Doyle McManus, Washington columnist for the Los Angeles Times joins Bob to talk about politics and other news. Next, each week on this program, we feature an essay from the vast archives of This I Believe. Even after more than two years, we’ve heard just a small fraction of the tens of thousands of essays that exist. Now, a few more are appearing in the new book This I Believe: On Fatherhood. Bob talks with the organization’s Executive Director Dan Gediman about the new collection.  Then, in this week’s installment of our ongoing series This I Believe, we hear the essay of Johnnie Barmore.  She is a therapist at an orphanage in Cincinnati and her biggest challenge is getting abused children to trust her enough to talk. Barmore’s favorite method is to take them fishing. It reminds her of the countless hours she spent with her father on the banks of a pond or a river, playing while he fished, and letting the comfort of their connection grow.

 

Monday, June 13, 2011  

Patricia McArdle is a retired Foreign Service Officer who in 2004 was assigned with the British Army in the Northern province of Balkh in Afghanistan.  In Farishta, she draws on that experience to write a fictional account of the only female diplomat at a NATO outpost in northern Afghanistan.  McArdle describes her experience and shares her thoughts about the future of that war-torn nation.  Then, filmmaker Taggart Siegel made the documentary The Real Dirt on Farmer John and now he shares another glimpse into the friction between agriculture and modern life.  The documentary, Queen of the Sun: What are the bees telling us?, dissects the potential “Colony Collapse Disorder,” and what that could mean for our plants and crops.  Siegel talks about why bees are disappearing in mass numbers with no clear explanation: the queen is there, the honey is there, but the bees are gone.

 

Tuesday, June 14, 2011

 American jazz icon Gerald Wilson started his professional music career in 1939, playing trumpet for the Jimmie Lunceford Orchestra.  Since then, over the course of his seven decade career, Wilson has had great success as a composer, arranger, bandleader, and jazz educator, writing music for and playing with jazz legends Ella Fitzgerald, Duke Ellington, Count Basie, Sarah Vaughn, Bobby Darin, and Ray Charles, to name just a few. Gerald Wilson releases a new CD today called Legacy, which also features the work of his son and grandson.

 

Wednesday, June 15, 2011 

 Best-selling writer Ann Patchett takes her remarkable imagination and gift for storytelling into the heart of the Amazon with her new novel State of Wonder.  Here, Patchett tells the story of Marina Singh, a 42 year old doctor who travels the jungles of Brazil to investigate the suspicious death of a colleague.  The author of Bel CantoThe Magician’s Assistant and others, Patchett is the recipient of the PEN/Faulker, the Orange Prize, and a number of other writing awards.  Then, when Debbie Reynolds was just 20 years old, she starred opposite Gene Kelly and Donald O’Conner in the 1952 hit musical Singin’ in the Rain.  That success propelled Reynolds into starring roles in a number of popular musicals, most famously inThe Unsinkable Molly Brown (1964), which earned Reynolds’ an Academy Award nomination for Best Actress.   This month, Reynolds is auctioning off her Hollywood memorabilia collection—including Charlie Chaplin’s bowler and Marilyn Monroe’s subway dress from The Seven Year Itch – at The Paley Center in Los Angeles.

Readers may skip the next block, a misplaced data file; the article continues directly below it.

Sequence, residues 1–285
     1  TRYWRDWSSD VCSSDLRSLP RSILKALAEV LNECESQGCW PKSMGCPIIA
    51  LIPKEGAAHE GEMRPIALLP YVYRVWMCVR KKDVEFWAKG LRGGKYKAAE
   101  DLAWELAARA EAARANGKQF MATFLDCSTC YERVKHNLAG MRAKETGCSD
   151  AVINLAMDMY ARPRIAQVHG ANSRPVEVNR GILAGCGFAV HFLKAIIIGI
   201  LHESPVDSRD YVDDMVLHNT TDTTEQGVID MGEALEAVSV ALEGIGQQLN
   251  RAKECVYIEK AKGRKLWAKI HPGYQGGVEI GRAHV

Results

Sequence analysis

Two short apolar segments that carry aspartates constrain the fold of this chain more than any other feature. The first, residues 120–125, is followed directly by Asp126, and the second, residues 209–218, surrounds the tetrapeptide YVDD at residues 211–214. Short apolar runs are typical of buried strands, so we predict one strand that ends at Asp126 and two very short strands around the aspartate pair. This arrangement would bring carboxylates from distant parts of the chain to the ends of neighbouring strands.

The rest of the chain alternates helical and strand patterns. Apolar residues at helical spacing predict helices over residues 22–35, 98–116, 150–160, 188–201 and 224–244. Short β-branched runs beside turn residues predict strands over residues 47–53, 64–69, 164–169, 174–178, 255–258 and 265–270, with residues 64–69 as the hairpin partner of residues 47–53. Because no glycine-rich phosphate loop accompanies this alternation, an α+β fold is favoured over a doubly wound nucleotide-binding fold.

Thursday, June 16, 2011 

Dean Faulkner Wells is the only niece of William Faulkner, the last Faulkner in her generation and the only living member of the family who grew up at Rowan Oak, Faulkner’s home in Oxford, Mississippi. She called him “Pappy.” Now 75-years-old, Wells has recently written a book, Every Day by the Sun: A Memoir of the Faulkners of Mississippi. Then, we’ll hear an audio tour of the home where William Faulkner lived in Oxford, Mississippi. Rowan Oak was built in the mid-1800s, but Faulkner made extensive renovations during the 40 years that he lived there. We’ll hear description’s of Faulkner’s office, bedroom, and kitchen – which was his favorite room in the house.

 

Friday, June 17, 2011 

Roméo Dallaire was the leader of the ill-fated United Nations peacekeeping force in Rwanda during the genocide of 1994. During his mission he witnessed the horrible reality of children being used as soldiers. The experience led General Dallaire to leave the military and form the Child Soldiers Initiative. He has now written a book on the topic titled, They Fight Like Soldiers, They Die Like Children: The Global Quest to Eradicate the Use of Child Soldiers.    Then, in this week’s installment of our ongoing series This I Believe, we hear the essay of Corey Harbaugh.  Every parent knows the day is coming. The day your child asks whether Santa Claus is real. When Corey Harbaugh’s eight-year-old son asked him that question, Harbaugh recognized it as a momentous occasion.

 

Monday, June 20, 2011

The Employment Policy Research Network is a web site where academics from about 40 universities post research, op-eds and blogs about all things employment related: wages, collective bargaining, unemployment, immigration. Their mission is economic justice based on sound research and good-faith negotiations. Two researchers involved in this experiment of ideas, Tom Kochan and David Lewin, join Bob to talk about their work.

 

Tuesday, June 21, 2011